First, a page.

I will be running more front camber than rear.

I am hoping to give the car a work out in September if we are allowed back on the hills.

 

I'd be interested to hear how you get on. I have basically the Bofi Track/supermiata dual duty alignment on mine (-2.5 deg front camber, -2 deg rear camber) and I find it has too much oversteer on turn in. Enough that I couldn't dial it out on my setup (with front ARBs on stiffest, rears on softest and damper settings also tweaked to try combat). Pretty sure my issue is down to not having enough front roll stiffness (compared to rear) for this setup. I think either removing my rear ARB or even just going back to standard might solve it. I have the original Meister-r Zeta-s on mine so think they are 6kg/mm front, 5 kg/mm rear so you can see the front of mine is relatively soft.

 

Removing the rear ARB would have the benefit of better rear traction potentially but I think I'll instead just match my camber front and rear and see how I go for now.

 

 

Agreed with what Noobie says (BTW Noobie do you race/ setup MX5's... or race in general? You've obviously got a good knowledge of setups from whenever I see you commenting).

 

I tried a thicker rear ARB with my setup and found instantly it had too much turn in oversteer so have reverted to the standard one, I also changed the spring rates of my CRD's to even out the balance- I run 9kg front springs with the original 6kg in the rear and a 24mm front arb.

 

 

Yeah I think i'll try a rear standard anti roll bar and square my camber all round and see where that puts me. It's basically the cheaper route and at least allows me to see if it works OK. I take the car around Curborough a lot so a little loose/oversteering isn't a killer but the amount I was seeing was definitely slowing me down.

 

If I need to revisit the spring rates I'll do some more research as I may go much higher and try some aero.


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#32 noobie

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Posted 25 June 2020 - 04:02 PM

How much do you pay for an alignment? 50GBP? That nearly covers a set of front springs from MeisterR directly. If you use the top bolt method to change out the spring and keep static ride height identical then you don't need an alignment and finally have a balanced setup. You''ll quickly find that even 2.5 degrees of FR camber is towards the lower end of the spectrum on track.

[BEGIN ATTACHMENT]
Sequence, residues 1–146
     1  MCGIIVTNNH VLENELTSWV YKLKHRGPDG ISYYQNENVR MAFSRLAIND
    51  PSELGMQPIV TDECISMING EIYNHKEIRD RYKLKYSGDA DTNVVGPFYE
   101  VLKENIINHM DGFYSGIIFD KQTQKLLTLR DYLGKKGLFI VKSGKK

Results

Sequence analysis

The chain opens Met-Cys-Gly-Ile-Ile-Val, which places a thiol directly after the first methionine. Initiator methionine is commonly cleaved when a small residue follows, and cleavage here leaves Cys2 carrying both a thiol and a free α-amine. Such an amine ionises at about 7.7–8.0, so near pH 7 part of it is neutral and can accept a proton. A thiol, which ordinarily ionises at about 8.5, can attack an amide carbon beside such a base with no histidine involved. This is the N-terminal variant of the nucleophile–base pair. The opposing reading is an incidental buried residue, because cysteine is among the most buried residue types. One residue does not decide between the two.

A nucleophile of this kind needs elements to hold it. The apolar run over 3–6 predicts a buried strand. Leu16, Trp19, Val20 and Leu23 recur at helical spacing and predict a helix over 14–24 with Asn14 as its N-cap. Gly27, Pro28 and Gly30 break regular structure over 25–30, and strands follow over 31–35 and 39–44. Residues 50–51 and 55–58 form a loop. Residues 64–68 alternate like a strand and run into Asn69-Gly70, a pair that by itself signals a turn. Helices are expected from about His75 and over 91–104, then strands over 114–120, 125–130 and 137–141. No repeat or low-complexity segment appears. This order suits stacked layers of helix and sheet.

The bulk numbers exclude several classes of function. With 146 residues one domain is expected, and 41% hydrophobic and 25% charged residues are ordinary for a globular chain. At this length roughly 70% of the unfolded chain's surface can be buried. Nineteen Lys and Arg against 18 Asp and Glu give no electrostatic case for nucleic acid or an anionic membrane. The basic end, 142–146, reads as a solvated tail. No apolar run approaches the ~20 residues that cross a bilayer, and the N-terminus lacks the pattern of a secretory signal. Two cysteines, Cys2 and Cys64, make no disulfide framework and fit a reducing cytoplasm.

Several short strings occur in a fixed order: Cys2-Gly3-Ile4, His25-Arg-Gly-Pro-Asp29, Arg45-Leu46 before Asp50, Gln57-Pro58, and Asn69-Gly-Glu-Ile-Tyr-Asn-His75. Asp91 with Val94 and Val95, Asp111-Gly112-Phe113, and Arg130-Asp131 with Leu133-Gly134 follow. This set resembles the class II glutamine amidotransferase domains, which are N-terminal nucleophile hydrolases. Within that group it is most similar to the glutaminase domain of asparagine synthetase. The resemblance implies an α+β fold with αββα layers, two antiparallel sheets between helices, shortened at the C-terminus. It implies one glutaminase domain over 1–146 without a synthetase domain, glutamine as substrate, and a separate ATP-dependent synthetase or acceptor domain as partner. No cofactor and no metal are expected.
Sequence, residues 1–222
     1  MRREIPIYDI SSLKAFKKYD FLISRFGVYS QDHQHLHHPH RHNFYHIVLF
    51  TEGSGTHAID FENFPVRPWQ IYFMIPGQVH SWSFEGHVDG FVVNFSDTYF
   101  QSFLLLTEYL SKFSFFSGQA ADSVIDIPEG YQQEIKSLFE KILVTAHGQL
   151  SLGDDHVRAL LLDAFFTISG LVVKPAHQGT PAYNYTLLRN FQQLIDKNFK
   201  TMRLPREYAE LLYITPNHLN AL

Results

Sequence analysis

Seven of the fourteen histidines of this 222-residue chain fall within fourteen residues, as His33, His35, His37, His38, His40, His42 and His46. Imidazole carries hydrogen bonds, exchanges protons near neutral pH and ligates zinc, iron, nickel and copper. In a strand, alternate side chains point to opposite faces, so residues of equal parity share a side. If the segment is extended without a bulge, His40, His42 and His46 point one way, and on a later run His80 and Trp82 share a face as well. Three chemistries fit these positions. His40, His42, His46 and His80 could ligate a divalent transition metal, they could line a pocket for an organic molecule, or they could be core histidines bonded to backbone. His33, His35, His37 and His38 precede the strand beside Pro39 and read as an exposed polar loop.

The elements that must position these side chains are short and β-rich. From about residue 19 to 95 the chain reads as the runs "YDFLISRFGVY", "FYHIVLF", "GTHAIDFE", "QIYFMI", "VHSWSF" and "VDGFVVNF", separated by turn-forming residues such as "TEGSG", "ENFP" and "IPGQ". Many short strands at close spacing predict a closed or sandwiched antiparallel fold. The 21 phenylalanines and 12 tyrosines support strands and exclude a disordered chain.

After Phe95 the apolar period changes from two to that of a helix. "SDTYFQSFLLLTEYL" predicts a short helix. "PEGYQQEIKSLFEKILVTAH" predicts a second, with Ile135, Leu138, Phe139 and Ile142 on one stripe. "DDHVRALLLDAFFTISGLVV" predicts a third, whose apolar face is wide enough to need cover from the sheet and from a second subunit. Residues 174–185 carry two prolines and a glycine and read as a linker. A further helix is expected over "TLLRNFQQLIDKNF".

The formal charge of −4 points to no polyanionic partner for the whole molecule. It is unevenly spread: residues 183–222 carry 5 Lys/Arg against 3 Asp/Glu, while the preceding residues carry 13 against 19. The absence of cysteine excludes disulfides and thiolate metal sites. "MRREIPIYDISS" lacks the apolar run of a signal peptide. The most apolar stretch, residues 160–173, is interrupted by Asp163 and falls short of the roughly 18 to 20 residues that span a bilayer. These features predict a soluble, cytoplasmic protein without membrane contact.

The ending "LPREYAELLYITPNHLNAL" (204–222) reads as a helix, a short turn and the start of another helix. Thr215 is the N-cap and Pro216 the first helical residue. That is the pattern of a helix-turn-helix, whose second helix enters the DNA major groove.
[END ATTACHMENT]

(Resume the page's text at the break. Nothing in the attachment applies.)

Just my opinion off course....

Also, 8/5 or 7.5/5 is perfectly fine with aero. You don't need sky high rates, a little higher ride height will be 99% as fast as a 700-400lbs/inch setup. Maybe worth a few tenths where aero adds seconds.


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#33 boosted

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Posted 25 June 2020 - 05:16 PM

Most coilover shocks you can go up or down 2kg spring and valving with be fine.

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#34 Shadowraven

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Posted 19 July 2020 - 09:41 PM

Alignments can get costly, especially for a track car that you're going to be tweaking and changing, and likely wanting to do at the track.  It's actually really quite easy to do your own using some basic equipment. Hammy wrote a guide on how to do it ages ago. It won't be as accurate as a shop but you can get it very close and the only downside really would be you might not be able to get perfectly 0 toe which would give you slightly higher tyre wear than if a shop did it but then for track work that's not a massive concern. As long as you don't go silly with toe out you'll be fine, the supermiata specs are given in inches to give you an idea.

 

I use a digital angle gauge from a hardware store for camber with a camber bar from Rallydesign, some tape measures and pink cotton for toe, and for toe plates I use 2 vinyl floor tiles shiny surface together to prevent the tyre binding up on the ground and not adjusting (use the self adhesive type and stick them to a sheet of mdf a few mm thick to ensure the wheel is on a flat surface.


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#35 dadbif

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Posted 20 July 2020 - 08:34 AM

I agree, it sounds daunting, but is surprisingly easy once you get stuck in.
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#36 Woody27

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Posted 27 July 2020 - 10:13 PM

So I took all your advice and have just ordered the 8 kg/mm springs for the front. I can always use my 6 kg/mm front springs to the rear if I didn't want to use the standard 5 kg/mm. I'll start with 8F/5R and go from there (keeping my alignment as is, though I will get it redone to the existing spec). I may corner weight it at work before hand just to finalise it. Then it's a case of fine tuning on my ARB's and/or dampers if it's still not quite there.

 

Cheers all for the help